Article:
By Jan TenBruggencate

The Princess displayed at the Kaua‘i Marriott Resort in Kalapaki belonged to Prince Jonah Kuhio Kalaniana‘ole, born in 1871 in Po‘ipu. An avid supporter of canoe racing, his 750-pound koa Princess canoe was built sometime between 1860 and 1890. After Prince Kuhio’s death in 1922, the Princess became part of the Glover Family estate in Honolulu. In 1956, she was brought to Kaua‘i, restored and used for training by the Kaua‘i Canoe and Racing Association. She now rests at the Marriott’s lobby. Photo by Léo Azambuja

Early Hawaiian woodworkers built amazing things using an array of tools that included no metals.

Western voyagers commented on the quality of workmanship in the canoes and other artifacts they saw, comparing them favorably to the best woodworking of European craftsmen.

Of course, European craftsmen had tools of iron, brass and bronze, fashioned into hammers, chisels, saws, clamps, planes and boring drills.

Hawaiians made comparable products with tools that were far less effective. Stone age tools.

I was working on the construction recently of a four-seat koa surfing and sailing canoe, but we are building it with all the benefits of modern woodworking: have fine chisels, power planers, drills, fine measuring devices, power grinders, electric sanders and a remarkable supply of diverse sandpapers.

We have epoxy adhesives, while Hawaiian kalai wa‘a, or canoe builders, had breadfruit sap and intricate lashing techniques using an array of kinds of natural fiber cordage. We know about the kinds of cordage they used because archaeological work at ancient canoe building areas turned up the cut off ends of multiple designs of twisted and braided coconut sennit and olona.

Imagine trying to cut the inside of a dense koa log canoe with an adze made of stone. There was one report that stone adzes dulled so quickly that a single workman could require six sharpeners to keep up.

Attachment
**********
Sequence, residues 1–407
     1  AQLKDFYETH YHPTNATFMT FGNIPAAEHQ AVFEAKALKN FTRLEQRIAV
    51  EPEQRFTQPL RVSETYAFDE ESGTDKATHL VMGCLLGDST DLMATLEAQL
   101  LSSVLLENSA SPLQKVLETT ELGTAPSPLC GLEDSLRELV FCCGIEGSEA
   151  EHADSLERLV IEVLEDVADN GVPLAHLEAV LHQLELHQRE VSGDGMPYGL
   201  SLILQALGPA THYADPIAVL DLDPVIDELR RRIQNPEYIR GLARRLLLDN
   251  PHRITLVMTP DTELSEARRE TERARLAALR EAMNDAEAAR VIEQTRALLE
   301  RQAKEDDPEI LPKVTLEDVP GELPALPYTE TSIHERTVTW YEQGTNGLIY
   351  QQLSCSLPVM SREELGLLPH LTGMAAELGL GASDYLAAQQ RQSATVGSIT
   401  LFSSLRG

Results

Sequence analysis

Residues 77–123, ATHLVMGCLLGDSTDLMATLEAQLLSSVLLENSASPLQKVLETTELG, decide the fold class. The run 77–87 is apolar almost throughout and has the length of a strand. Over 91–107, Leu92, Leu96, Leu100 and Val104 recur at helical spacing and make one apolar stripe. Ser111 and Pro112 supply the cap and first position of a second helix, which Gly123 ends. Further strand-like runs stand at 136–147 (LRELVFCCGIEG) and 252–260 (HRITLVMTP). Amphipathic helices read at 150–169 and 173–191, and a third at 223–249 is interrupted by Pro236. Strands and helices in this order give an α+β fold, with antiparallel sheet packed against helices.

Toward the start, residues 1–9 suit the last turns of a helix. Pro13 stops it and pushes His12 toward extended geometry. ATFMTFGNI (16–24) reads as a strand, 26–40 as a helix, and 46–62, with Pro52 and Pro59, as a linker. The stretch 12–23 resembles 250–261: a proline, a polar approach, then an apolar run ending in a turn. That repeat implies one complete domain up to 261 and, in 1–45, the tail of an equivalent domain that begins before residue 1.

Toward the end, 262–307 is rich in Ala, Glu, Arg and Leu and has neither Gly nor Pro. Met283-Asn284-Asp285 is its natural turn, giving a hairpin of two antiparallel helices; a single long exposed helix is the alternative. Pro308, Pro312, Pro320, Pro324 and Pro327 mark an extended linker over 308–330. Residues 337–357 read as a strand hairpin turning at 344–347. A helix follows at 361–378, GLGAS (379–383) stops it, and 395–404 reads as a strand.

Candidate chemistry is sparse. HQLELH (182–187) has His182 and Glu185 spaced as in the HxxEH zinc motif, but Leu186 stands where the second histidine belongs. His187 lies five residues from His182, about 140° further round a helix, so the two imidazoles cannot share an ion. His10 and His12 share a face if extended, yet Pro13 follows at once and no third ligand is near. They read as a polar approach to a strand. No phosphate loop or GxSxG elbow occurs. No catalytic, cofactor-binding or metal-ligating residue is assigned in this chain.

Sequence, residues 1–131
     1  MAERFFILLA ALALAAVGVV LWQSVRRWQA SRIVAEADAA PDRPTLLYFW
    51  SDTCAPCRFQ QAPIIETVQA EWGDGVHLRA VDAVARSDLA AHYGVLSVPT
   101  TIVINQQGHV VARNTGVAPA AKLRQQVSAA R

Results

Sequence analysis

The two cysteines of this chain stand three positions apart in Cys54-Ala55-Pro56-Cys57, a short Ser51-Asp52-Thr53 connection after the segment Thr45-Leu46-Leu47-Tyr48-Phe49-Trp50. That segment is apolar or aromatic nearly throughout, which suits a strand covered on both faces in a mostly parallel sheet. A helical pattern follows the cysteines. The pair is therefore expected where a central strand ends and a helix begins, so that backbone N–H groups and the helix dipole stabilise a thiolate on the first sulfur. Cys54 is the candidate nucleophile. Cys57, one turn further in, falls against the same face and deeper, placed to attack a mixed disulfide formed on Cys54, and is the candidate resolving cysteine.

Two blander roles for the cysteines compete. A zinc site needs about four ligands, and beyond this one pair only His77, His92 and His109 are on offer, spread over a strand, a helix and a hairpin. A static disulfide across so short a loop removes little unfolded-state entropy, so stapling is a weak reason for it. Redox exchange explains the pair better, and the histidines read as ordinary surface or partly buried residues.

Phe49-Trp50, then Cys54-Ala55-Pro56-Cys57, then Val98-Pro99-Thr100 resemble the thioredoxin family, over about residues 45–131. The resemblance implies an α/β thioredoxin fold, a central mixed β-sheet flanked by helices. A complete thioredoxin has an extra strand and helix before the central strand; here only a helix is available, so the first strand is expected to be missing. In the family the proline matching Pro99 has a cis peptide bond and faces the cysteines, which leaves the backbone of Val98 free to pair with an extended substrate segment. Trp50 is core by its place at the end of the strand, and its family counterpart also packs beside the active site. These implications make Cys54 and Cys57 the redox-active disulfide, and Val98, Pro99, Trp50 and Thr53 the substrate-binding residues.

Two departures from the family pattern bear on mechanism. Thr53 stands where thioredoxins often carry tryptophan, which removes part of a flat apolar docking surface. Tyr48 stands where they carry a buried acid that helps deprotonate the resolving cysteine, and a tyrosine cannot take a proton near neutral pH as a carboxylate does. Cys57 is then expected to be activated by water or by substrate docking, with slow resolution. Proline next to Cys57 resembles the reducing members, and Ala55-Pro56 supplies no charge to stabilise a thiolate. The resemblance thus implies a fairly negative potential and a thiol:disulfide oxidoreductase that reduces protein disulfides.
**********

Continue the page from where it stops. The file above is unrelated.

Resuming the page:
As they cut, and as the sides of the log thinned, the hull would have sounded like a drum. I’ve heard that sound pealing through the palm trees in the South Pacific as canoes were built, albeit today with iron tools.

Some canoes had planks attached at their upper edges to deepen the hull. The planks were carefully fitted and then lashed into place using holes drilled, we believe, with coral files. Sometimes thin strips of wood, were carefully shaped to fit into the spaces between the planks, to prevent leaking.

The planks would be held in proper alignment with clamps made of shaped wooden pieces bound together with sennit. Just as effective as a wood and metal screw clamp that a Western boatbuilder might employ.

The inner and outer surfaces of the canoe would be smoothed with basalt and coral sanders, which would have been rubbed along the surfaces. They must have needed regular cleaning and regrinding, while in western woodworking we simply change the sandpaper.

Jan TenBruggencate

Perhaps certain kinds of grit were used to improve the performance of the finishing. I have heard it argued that final sanding might have been done with the hairy leaves of the ulu or breadfruit tree.

And ultimately, the functions of our epoxies and polyurethane finishes were accomplished with kukui nut oil, other plant saps and natural fluids and charcoal dust.

And with all those limitations, when compared to modern tools and woodworking products, they were able to produce museum-quality pieces.

On reflection, it seems a vast understatement to suggest that their work merely “compares favorably” with the work produced in a Western woodworking shop.

  • Jan TenBruggencate is a Kaua‘i based writer and communications consultant.

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